Scroll.in quoted one person familiar with the group’s finances as saying: “Adani Enterprises now deals mostly with coal but also functions as an incubator for the group’s ventures.” According to him/her, while the group’s other listed companies invest only in their subsidiaries, subsidiaries of Adani Enterprises invest across the group. “Adani Tradeline, Parsa Kente Rail Infra, etc. – are all subsidiaries of Adani Enterprises.”
Adani Infra, a subsidiary of Adani Enterprises, raises a high quantity of funds for the group. “In 2017-18, it raised debt worth Rs 15,048 crore. These loans were raised by offering shares in group companies as security cover,” finds the report.
“In most companies, the ratio between debt and equity is 1:3 or 1:4. If a sector is low risk, companies might be able to raise debt which is 10-12 times equity, said the former board member. But in the case of Adani Infra, it is 1:107.” For instance, in 2017-18, Adani Infra had Rs 84.87 crore in equity but Rs 9,008.5 crore of total borrowings.
Between 2014 and 2018, Adani Transmission, Adani Enterprises, Adani Infra and Adani Agrifresh saw multiple transfers of money between themselves in the form of loans and repayments. The scrutiny of the finances revealed that transactions among the group companies helped them in their enormous growth. Although Adani Power was struggling between 2013 and 2018, such transactions within the group helped the company to meet its debt obligations.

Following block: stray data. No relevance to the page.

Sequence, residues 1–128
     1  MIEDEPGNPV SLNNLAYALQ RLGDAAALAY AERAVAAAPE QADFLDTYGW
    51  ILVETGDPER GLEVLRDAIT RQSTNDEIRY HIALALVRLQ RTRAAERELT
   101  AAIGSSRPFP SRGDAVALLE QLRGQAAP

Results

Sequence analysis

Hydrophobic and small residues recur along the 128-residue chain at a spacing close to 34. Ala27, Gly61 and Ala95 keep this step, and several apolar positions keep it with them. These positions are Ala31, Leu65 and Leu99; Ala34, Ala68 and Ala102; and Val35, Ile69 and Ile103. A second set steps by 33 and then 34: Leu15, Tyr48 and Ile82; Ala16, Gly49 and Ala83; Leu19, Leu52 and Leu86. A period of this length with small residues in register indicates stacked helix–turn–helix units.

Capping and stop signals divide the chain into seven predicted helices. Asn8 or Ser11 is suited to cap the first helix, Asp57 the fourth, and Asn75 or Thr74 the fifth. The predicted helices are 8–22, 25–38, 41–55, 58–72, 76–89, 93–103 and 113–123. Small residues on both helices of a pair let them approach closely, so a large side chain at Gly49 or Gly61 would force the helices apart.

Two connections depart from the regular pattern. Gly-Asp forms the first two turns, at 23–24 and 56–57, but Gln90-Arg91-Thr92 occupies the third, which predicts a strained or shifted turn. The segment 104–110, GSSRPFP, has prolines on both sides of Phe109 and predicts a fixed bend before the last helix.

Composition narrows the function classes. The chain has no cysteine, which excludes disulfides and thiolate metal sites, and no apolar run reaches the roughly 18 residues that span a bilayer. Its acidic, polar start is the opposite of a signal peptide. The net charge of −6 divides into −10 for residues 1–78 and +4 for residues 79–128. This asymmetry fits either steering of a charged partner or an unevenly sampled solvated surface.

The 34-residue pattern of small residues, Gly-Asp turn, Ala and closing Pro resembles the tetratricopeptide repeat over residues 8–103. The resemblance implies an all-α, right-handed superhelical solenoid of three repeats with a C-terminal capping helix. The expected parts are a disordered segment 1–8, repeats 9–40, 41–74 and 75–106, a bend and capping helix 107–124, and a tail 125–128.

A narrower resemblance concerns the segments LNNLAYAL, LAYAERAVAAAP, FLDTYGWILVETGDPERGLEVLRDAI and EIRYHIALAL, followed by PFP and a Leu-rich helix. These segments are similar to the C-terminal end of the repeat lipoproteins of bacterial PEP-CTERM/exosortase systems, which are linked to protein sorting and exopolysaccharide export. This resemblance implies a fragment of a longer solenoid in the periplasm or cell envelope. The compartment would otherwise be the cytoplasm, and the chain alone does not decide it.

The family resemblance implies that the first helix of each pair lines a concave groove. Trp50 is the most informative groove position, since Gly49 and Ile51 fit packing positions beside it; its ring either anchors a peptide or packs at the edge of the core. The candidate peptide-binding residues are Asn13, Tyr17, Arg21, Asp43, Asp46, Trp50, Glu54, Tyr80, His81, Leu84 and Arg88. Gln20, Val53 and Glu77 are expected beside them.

“Adani Group is willing to leverage its balance sheet much more than others. Adani subsidiaries with better debt/equity numbers are borrowing from banks and investing in their stressed sister companies – as debt or equity,” said one senior executive at credit rating firm Credit Suisse to Scroll.in.
The report ends by pointing out two factors working in favour of Adani Group. The first is “its perceived proximity to political power. It has enabled the group to take bets its peers could not. This is seen in the operations of Adani’s power plant in Mundra. Even as other debt-strapped power companies put their power projects on sale, the Adani group doubled down and kept infusing cash into Mundra.” The second factor is scale. “Not only is it able to cross-subsidise its units, in the last five years, it has emerged as the biggest player in Indian infrastructure’s public utility sector.”
According to the report, for many experts, “the potential consequences of having a financially overleveraged monolith dominate India’s public utility infrastructure are worrying.”
Also read: Supreme Court to Look Into Adani’s ‘Coal Import Scam’